Most citizen computing projects can do no wrong. That does not apply to climate science. ClimatePrediction.net raises a few hackles, often in situations such as a recent meeting about investment in supercomputer, and when someone said, “I hear you can do a lot of this on PS3s nowadays?” there was a degree of hostility.
It’s just a way of addressing certain problems. People think of models as being done on a petaFLOP Cray XT-6, but most climate scientists don’t have access to these. They can have access to citizen scientists.
Climate modelling depends on:
- Complexity, e.g. number of processes, number of aspects of the sytem
- Resolution of your model, e.g. 100km scale, 10km scale or 1km scale
- Duration of the run
- Ensemble size, (groups of models) and this is where citizen cyberscience comes in
Often need to run models may times, and this is where ensembles come in.
Uncertainty in models varies. Uncertainty was felt to be underreported, so added subjective assessment of uncertainty, some of numbers are a little bit rounded, as they were decided on through discussion.
Suspected the model ranges were too small was because all the models matched the 20th century numbers ‘suspiciously well’. Need unrealistic models as well as realistic ones. You have to go outside the range that is fits perfectly in order to be sure you know what that range of forecasts are consistent with current observations.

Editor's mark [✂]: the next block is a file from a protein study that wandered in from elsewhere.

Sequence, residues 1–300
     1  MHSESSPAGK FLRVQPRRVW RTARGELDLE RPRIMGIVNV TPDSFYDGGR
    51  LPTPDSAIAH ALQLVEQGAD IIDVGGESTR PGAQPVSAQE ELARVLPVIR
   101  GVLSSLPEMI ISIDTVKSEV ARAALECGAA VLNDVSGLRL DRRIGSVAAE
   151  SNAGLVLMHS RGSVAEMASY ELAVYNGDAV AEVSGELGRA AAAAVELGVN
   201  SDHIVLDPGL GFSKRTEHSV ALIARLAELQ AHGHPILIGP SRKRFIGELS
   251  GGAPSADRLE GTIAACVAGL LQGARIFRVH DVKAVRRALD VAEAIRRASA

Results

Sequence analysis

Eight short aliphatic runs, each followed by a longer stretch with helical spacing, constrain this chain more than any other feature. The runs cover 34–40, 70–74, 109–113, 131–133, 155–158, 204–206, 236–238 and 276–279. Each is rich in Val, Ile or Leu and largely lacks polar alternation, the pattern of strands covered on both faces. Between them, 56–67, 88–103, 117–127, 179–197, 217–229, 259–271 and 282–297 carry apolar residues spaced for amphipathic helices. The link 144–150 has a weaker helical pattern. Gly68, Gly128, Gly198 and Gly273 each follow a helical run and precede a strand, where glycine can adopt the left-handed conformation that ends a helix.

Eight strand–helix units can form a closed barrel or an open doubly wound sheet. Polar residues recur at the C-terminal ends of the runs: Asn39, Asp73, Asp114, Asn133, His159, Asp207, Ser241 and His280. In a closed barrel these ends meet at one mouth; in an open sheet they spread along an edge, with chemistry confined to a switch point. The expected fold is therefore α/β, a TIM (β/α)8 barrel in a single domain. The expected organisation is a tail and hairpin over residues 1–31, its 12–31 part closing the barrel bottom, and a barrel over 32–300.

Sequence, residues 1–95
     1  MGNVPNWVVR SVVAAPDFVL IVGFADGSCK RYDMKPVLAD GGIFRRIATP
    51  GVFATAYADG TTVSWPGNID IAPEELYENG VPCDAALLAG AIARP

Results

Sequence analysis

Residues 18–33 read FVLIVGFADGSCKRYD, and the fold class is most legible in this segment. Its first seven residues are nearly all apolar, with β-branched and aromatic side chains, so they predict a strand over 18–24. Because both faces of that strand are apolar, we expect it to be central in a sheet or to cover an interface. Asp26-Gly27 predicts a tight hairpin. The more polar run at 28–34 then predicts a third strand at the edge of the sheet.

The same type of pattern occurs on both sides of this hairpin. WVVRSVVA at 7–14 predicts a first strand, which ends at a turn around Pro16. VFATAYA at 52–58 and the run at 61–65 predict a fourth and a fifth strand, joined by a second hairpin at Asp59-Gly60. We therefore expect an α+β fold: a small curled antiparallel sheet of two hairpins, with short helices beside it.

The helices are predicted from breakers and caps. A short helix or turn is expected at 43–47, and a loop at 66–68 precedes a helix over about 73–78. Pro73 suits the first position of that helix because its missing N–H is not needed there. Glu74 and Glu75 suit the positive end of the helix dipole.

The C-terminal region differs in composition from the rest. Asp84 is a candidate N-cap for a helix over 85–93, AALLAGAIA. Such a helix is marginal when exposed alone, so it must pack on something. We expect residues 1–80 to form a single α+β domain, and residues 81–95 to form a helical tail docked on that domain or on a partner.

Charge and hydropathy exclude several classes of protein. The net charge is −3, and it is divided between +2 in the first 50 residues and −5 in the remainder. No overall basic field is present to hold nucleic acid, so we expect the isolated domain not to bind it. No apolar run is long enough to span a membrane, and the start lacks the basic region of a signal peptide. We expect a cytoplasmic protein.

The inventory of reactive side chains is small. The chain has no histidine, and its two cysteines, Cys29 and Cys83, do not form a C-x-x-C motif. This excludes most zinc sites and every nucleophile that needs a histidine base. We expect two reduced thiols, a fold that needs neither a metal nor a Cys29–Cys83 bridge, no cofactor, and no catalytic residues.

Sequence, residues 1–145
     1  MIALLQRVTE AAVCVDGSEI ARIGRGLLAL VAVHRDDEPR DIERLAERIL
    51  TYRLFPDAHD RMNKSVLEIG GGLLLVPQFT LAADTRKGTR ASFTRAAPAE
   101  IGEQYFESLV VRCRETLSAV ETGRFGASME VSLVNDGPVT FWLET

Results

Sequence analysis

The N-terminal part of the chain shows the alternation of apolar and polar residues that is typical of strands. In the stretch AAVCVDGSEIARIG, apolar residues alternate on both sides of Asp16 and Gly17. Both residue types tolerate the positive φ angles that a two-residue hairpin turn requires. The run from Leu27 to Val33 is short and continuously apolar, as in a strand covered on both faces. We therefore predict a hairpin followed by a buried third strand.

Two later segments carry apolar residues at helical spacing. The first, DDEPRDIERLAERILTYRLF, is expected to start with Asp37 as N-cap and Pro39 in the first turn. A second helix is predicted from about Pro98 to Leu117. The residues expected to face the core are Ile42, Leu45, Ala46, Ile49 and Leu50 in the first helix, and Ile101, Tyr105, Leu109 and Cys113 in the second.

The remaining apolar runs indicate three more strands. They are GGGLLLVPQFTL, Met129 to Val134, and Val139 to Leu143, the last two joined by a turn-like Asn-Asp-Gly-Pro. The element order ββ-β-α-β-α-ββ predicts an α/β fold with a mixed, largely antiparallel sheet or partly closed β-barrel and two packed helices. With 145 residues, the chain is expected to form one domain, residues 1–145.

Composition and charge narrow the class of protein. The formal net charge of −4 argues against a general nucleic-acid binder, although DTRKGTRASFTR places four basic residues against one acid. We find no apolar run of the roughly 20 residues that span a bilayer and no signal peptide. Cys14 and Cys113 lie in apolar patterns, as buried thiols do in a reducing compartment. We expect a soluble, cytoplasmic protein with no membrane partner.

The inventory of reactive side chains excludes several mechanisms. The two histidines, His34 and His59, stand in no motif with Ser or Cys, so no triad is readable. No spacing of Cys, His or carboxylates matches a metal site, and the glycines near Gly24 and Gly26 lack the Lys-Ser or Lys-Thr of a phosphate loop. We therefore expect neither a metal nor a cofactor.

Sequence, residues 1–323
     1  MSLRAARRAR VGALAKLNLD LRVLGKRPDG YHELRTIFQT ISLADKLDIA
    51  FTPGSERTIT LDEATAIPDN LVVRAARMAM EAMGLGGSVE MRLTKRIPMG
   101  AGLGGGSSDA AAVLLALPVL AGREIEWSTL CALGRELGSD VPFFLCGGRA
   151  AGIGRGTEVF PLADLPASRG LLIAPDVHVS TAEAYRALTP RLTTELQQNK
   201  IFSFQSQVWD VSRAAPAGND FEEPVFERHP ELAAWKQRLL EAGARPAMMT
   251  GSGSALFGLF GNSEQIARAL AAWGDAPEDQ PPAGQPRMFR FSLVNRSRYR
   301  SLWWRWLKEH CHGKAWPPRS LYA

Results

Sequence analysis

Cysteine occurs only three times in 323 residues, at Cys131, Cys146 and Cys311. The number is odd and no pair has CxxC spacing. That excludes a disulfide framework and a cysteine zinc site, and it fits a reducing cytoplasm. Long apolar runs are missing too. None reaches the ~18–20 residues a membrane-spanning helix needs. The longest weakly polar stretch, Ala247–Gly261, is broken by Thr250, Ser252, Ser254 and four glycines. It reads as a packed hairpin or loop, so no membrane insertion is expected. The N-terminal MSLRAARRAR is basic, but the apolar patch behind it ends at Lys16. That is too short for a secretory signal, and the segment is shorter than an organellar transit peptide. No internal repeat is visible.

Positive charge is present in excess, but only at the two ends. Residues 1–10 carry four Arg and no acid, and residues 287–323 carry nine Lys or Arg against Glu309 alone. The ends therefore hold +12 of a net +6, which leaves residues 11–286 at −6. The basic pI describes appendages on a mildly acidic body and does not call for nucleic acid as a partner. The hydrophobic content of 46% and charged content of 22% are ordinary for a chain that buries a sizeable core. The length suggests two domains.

Serious money to do a run, so they are looking for good models, not ‘bad’ ones.
By doing tests of different models (using citizen science), see that there -40 error bar was too pessimistic in terms of uncertainty, and the +60 was about right.
Learnt that the lower bound too low, upper bound about right, but this was through experimentation, not discussion. Therefore is testable.
What next? Using volunteer computing to see how extreme weather and climate are related, as global warming can cause both extreme hot and cold weather events, e.g. heatwave in Russian, Pakistani floods. Were they one event or two? Where they related to global warming?
Looking at the flooding in UK in 2003, simulating seasons where damaging weather events occur, both with and without the signature of climate change, to see if it had an effect. Looking for influence of external driver – human influence.
These are rare events, so have to model them many times to see if risk of extreme event has increased.
Projects in development, embedding regional models in simulations.
Have only used participants to provide compute power, so haven’t engaged participants brains. Big challenge faced is that only a few hundred people take part.